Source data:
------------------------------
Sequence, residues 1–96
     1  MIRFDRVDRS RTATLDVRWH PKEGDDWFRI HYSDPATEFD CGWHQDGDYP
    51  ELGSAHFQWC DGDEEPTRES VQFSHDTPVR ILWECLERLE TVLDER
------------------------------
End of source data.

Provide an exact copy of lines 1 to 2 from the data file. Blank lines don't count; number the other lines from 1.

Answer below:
Sequence, residues 1–96
     1  MIRFDRVDRS RTATLDVRWH PKEGDDWFRI HYSDPATEFD CGWHQDGDYP